Baltimore, Maryland ranks in the worst third of the study for four out of the six metrics we considered. It has the 12th-longest average commute time, at almost 32 minutes, and the 14th-highest percentage of workers with a commute of more than 60 minutes, at 13%.

7. Miami, FL

Miami is the second south Florida city on this list, and it has the ninth-lowest median income in the study, $41,818. Miami also has the 11th-highest five-year change in average travel time, an increase of 8.99% from 2014 through 2018. That makes for a total average commute time of 30.3 minutes, the 18th-longest in the study.

8. Glendale, AZ

Glendale, Arizona has a particularly high five-year change in the percentage of workers with a commute of at least 60 minutes – a jump of 3.4% from 2014 through 2018. According to 2018 data, 9.9% of all workers have at least an hour-long commute. This is the 19th-highest rate for this metric across all 100 cities in the study.

9. New York, NY

New York City performs the worst in the study in the two raw metrics related to commute. The average travel time to work is 42 minutes and the percentage of workers with a commute of more than 60 minutes is 27.6%, both the highest figures for those metrics. The median income, though, is relatively high at $63,799, bringing New York lower on this list to No. 9.

10. Long Beach, CA

Long Beach, California is the final city in this list of the 10 cities with the worst commutes. It has the 12th-highest percentage of workers with a commute of more than one hour, at 14.1%. It also has the 14th-longest average commute in the study, at 31.1 minutes. Long Beach is also one of the cities in the U.S. where homeowners spend the most on housing.

Data and Methodology

To find the cities in America with the worst commutes, SmartAsset looked at the 100 largest U.S. cities and compared them across the following metrics:

  • Average travel time to work in 2018. Data comes from the Census Bureau’s 2018 American Community Survey.
  • Five-year change in average travel time. Data comes from the Census Bureau’s 2018 and 2014 American Community Surveys.
  • Percentage of workers with a commute of over 60 minutes. Data comes from the Census Bureau’s 2018 American Community Survey.
  • Five-year change in percentage of workers with a commute of over 60 minutes. Data comes from the Census Bureau’s 2018 and 2014 American Community Surveys.
  • Median income. Data comes from the Census Bureau’s 2018 American Community Survey. For this study, lower incomes contributed to a worse commute score.
  • Five-year change in median income. Data comes from the Census Bureau’s 2018 and 2014 American Community Surveys. For this study, a smaller change contributed to a worse commute score.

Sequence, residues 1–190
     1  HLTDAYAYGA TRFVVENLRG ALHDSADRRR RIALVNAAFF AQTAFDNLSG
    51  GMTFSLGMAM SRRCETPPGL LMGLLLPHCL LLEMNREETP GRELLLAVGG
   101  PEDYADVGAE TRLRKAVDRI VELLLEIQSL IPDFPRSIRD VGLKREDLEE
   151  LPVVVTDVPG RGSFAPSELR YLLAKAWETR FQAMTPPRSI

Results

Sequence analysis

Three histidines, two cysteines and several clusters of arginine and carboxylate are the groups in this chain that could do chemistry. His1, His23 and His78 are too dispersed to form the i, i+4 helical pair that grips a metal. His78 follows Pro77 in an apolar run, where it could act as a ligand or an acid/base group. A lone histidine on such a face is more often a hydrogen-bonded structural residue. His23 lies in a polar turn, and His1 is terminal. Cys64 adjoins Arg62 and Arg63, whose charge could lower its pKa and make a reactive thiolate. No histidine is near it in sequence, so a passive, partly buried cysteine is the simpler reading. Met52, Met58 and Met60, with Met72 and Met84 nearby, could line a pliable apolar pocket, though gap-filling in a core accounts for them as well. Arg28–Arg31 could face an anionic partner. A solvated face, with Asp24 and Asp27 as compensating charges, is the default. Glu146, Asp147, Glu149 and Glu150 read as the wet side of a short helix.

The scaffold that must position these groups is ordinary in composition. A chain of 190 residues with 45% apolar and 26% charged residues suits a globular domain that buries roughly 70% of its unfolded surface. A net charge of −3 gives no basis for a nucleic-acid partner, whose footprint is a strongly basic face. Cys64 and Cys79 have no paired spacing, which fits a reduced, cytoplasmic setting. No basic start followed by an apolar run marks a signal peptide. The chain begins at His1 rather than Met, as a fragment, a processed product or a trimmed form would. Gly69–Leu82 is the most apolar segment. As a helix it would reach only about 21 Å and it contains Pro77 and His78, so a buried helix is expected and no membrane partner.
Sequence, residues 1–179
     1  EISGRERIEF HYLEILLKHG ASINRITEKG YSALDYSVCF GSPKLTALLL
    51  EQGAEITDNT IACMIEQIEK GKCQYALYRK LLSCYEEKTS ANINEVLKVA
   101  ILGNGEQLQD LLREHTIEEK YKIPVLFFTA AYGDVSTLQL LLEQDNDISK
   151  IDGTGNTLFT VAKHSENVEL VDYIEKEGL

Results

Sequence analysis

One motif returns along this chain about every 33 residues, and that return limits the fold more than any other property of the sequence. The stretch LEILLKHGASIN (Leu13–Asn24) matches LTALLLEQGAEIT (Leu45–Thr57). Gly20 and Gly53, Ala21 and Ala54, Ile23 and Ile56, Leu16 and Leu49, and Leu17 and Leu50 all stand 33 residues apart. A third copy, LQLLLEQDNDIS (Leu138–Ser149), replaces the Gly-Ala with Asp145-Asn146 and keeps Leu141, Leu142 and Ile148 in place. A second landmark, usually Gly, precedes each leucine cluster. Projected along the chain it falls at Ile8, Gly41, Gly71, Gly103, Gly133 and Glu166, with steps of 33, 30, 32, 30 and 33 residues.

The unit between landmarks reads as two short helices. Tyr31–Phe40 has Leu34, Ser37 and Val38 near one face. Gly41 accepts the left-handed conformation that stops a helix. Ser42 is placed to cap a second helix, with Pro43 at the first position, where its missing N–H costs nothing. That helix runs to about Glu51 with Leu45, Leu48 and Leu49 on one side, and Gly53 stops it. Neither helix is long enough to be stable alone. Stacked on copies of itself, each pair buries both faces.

First, we ranked each city in every metric. We then found the average ranking for each city, giving equal weight to every metric. Next, we ranked the cities according to this average, with the city with the worst commute receiving a score of 100 and the city with the best commute receiving a score of 0.

Tips for Making the Most of Your Savings

  • Find financial help without leaving your desk. One part of your life that you should definitely fast track is sorting out your long-term financial plans. Get some professional help with that by seeking the services of a financial advisor. Finding the right financial advisor that fits your needs doesn’t have to be hard. SmartAsset’s free tool matches you with financial advisors in your area in 5 minutes. If you’re ready to be matched with local advisors that will help you achieve your financial goals, get started now.
  • Commute got you down? Consider relocating. You might want to find a new home closer to your office to cut down your commute time. See what that might look like for your finances with SmartAsset’s free mortgage calculator.

Questions about our study? Contact press@smartasset.com   

Photo credit: ©iStock.com/Drazen Zigic

Ben Geier, CEPF® Ben Geier is an experienced financial writer currently serving as a retirement and investing expert at SmartAsset. His work has appeared on Fortune, Mic.com and CNNMoney. Ben is a graduate of Northwestern University and a part-time student at the City University of New York Graduate Center. He is a member of the Society for Advancing Business Editing and Writing and a Certified Educator in Personal Finance (CEPF®). When he isn’t helping people understand their finances, Ben likes watching hockey, listening to music and experimenting in the kitchen. Originally from Alexandria, VA, he now lives in Brooklyn with his wife.